Imprints of Yellowknife: Public Art Installation

Cyanotype is a fascinating photographic printing process that dates back to the early 19th century. It’s known for its distinct blue and white color palette and is a popular choice for artists and photographers who appreciate its simplicity and unique aesthetic. The choice of cyanotype allowed not only the creation of imprints but also the arrangement of a public art installation that took place on June 21, 2023. As it unfolded in conjunction with the Indigenous Peoples Day celebration at Yellowknife City Hall Park, it brought together the MUST team and the local Yellowknife community.

The installation comprised cyanotype prints that had been carefully crafted within the landscape and cityscape of Yellowknife. These prints, with their striking blue and white color palette, served as visual narratives capturing the essence of this unique region. Through these images, the project communicated not only the aesthetic beauty of the land, water, and urban life but also the intertwined narratives of the environment, history, and culture of Yellowknife. This installation was more than just an artistic expression; it was a profound statement that bridged creative, scientific, local, and indigenous perspectives.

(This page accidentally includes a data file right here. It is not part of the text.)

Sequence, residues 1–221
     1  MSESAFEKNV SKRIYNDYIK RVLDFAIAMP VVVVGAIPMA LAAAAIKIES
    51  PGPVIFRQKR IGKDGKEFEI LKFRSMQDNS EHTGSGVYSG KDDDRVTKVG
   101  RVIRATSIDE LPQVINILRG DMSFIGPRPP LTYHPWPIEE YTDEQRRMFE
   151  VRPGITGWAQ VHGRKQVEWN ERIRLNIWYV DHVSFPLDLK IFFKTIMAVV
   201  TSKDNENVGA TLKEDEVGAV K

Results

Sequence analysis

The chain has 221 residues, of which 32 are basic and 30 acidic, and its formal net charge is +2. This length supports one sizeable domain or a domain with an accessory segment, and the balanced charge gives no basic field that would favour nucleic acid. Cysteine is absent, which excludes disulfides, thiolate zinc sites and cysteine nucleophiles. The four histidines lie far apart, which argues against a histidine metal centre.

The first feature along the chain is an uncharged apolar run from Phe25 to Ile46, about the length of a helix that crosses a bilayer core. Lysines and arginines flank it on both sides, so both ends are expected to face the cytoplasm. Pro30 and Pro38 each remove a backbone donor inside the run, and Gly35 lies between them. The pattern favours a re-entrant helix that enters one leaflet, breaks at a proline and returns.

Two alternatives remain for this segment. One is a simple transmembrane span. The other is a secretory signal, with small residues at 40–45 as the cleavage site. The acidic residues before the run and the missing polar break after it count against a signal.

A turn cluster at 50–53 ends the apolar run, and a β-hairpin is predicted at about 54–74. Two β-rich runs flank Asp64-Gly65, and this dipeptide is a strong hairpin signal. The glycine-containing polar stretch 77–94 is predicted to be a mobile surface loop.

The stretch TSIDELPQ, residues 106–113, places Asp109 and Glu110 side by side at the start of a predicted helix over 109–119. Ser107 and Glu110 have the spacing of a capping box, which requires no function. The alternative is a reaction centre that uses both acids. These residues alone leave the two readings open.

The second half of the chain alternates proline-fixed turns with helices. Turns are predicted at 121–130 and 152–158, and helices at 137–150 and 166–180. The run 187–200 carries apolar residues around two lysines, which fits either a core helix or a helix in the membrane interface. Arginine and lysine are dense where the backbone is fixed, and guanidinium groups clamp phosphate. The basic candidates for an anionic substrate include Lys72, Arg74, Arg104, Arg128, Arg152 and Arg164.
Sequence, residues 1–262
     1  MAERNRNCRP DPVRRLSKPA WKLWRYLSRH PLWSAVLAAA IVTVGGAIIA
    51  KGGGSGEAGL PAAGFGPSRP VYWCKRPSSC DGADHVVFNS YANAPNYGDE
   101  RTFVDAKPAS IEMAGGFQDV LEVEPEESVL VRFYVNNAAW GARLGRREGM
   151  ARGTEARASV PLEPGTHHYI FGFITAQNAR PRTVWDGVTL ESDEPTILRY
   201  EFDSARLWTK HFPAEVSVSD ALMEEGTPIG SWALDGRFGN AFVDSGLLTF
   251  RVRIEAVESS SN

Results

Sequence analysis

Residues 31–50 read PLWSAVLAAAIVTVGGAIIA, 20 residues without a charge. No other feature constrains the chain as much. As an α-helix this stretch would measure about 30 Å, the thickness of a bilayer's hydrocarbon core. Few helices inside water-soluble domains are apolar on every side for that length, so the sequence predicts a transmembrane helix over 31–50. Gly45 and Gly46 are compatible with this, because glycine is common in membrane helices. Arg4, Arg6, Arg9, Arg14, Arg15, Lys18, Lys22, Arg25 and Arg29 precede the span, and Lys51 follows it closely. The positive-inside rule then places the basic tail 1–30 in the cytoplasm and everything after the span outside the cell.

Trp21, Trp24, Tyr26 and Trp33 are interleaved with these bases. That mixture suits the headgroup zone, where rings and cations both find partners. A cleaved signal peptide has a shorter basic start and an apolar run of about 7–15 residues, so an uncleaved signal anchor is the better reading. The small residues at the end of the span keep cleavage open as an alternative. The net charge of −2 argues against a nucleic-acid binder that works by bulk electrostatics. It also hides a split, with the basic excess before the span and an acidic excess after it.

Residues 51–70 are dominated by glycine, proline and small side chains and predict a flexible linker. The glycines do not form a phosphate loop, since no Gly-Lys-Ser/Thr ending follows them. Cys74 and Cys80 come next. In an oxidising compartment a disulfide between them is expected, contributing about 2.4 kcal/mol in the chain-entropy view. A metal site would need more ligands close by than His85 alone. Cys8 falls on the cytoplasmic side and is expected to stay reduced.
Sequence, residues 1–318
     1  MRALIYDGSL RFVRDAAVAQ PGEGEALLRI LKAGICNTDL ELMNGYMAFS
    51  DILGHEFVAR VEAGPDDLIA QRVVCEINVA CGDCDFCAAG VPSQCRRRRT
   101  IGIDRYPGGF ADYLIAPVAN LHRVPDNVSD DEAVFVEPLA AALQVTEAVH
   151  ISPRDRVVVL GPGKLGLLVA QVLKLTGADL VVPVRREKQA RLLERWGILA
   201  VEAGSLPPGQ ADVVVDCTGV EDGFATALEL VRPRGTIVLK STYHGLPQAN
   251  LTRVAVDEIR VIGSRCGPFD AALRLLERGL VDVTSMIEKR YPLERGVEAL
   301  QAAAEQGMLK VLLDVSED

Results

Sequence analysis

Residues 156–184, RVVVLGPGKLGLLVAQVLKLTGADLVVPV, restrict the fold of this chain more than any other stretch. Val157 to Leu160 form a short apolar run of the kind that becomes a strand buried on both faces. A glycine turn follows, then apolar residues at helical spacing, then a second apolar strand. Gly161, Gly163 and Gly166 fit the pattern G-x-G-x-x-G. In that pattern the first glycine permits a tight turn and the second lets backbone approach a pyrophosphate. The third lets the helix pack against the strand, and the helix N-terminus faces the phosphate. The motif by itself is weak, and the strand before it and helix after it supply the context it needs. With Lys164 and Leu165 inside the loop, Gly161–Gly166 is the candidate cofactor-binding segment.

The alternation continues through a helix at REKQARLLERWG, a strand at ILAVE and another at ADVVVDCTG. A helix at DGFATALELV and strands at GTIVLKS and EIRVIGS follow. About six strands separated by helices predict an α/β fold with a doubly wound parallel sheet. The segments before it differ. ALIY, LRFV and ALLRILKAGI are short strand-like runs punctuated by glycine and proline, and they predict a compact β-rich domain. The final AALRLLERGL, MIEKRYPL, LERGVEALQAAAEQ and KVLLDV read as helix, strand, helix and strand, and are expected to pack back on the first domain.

Cyanotype prints served as a visual language through which stories could be shared, and the unique qualities of this medium – the interplay of light and shadow, the tangible texture of prints – invited viewers to engage with these narratives on a personal and emotional level.

Furthermore, the installation’s timing alongside Indigenous Peoples Day was significant. It was a moment of cultural recognition and exchange, where local indigenous perspectives were given prominence. “Imprints of Yellowknife” became a medium through which indigenous voices and stories could be amplified and celebrated.